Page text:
In case you’re interested, Carl Trueman discusses this very topic – Luther and the Jews – in chapter three of Histories and FallaciesTrueman takes a far more modest, contextual, and nuanced approach to Luther’s writings on the Jews.  In summary (read it for yourself!), he notes that Luther’s anti-Jewish writings were somewhat typical in the late medieval era and were based on religious and theological beliefs rather than ethnic distinctions.  Again, this doesn’t necessarily absolve Luther, but it gives us a more nuanced, balanced, and contextual approach than Metaxas does in Bonhoeffer

In Trueman’s words, “Every historian makes mistakes; the important thing is to gain an understanding of why they are mistakes.  Once that is done, they become much easier to avoid in the future” (p. 168).

shane lems

sunnyside wa

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4 comments on “Eric Metaxas, History Writing, and Martin Luther

  1. It appears that the main reason you do not recommend Metaxas’ biography of Bonhoeffer is the inaccurate portrait of Martin Luther and the Jews within the book.

    You mention that there are “other sections of Metaxas’ book where he muddles up history and theology.” I think they need to be spelled out.

    You reject such a large book based on one very small section of the book (Luther and the Jews) when the book is about Bonhoeffer, not Luther’s theology or writings.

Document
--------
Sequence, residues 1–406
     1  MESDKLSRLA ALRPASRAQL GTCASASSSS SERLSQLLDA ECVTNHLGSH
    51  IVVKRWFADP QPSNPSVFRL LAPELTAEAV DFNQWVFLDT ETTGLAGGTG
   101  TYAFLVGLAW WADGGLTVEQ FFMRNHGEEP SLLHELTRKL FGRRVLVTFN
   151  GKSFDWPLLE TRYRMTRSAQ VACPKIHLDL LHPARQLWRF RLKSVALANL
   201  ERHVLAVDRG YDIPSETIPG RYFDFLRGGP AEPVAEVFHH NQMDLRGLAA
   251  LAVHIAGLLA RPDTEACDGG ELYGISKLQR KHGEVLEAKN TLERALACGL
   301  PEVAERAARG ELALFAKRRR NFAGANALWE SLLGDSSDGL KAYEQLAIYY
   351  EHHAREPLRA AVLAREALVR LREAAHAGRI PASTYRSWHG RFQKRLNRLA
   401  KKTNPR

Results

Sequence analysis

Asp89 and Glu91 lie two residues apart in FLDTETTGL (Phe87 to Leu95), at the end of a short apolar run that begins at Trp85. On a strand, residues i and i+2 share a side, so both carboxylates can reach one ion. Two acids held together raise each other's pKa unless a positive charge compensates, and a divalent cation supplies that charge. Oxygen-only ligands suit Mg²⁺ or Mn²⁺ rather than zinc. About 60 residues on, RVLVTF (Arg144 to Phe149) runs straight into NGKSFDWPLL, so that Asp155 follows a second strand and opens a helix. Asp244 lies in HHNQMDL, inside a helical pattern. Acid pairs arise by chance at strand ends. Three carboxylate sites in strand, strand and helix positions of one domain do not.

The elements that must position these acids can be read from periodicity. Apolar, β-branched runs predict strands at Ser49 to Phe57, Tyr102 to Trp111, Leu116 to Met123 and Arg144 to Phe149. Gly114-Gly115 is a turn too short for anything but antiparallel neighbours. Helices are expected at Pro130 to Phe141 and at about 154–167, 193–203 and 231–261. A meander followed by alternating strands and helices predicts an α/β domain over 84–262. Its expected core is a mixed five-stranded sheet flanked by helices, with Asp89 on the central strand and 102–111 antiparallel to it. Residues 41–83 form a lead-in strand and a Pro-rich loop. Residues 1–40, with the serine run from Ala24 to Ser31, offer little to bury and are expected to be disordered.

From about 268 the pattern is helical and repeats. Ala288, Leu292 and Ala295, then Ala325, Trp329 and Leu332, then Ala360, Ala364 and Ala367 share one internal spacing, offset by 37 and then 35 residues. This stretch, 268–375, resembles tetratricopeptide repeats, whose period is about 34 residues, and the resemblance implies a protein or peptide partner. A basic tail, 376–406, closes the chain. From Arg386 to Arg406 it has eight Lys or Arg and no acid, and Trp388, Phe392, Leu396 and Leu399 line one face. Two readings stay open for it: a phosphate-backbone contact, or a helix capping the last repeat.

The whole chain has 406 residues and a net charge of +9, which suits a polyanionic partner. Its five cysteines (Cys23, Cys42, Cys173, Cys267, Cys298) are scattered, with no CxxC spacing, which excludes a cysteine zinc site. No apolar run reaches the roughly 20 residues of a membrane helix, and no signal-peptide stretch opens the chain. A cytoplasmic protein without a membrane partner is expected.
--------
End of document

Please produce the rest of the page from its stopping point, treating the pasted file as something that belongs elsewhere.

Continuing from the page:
• Thanks for the comment, Christopher. If you follow my link above (the words “critical review”), you’ll see some other specific areas where there are inaccuracies. I thought about writing a list down, but don’t have the time or energy to do so. Also, others who are even more critical of the book have done that, so I don’t want to do work that’s already been done. You’ll have to search for other critical reviews. They are better than mine!

      Also, the snipped of Metaxas’ discussion of Luther shows a historical fallacy (something like anachronism). The overall gist of the book is also anachronistic, as I show in my “critical review.” The big anachronistic fallacy is that Metaxas portrays Bonhoeffer in an American, politically conservative, evangelical Christian manner, which is quite a false picture.

      I’ve just finished Bethge’s large biography of Bohnoeffer. Bethge was a good friend of Bohnoeffer. His biography is far more accurate than Metaxas’. Of course, everyone who writes history does so with some bias/presuppostions; we just need to be aware of them.

      The main reason I don’t recommend Metaxas’ book is because I believe, along with others, that it is an inaccurate portrayal of Bonhoeffer. But I’ll post more on this next week, DV.

      shane

      • Now I see your point. When I read the book I did get the picture that Bohnoeffer was a conservative evangelical. Which was different than I had heard for years. Until I read your blog I had not read any critical reviews of his book. I’ll look for one now and look for more from you next week.

        I have not read Bethge work. I am sure I will get a different picture of Bohnoeffer when I read Bethge’s biography. Just like you, I don’t have time to read too many large books–which Bethge’s is. Maybe this summer?

        At least Metaxas does write well. I can’t imagine reading the book otherwise!

  2. […] writing and a compelling subject don’t necessarily commend this work as good biography (here’s a take over at the Reformed Reader). Let me try to […]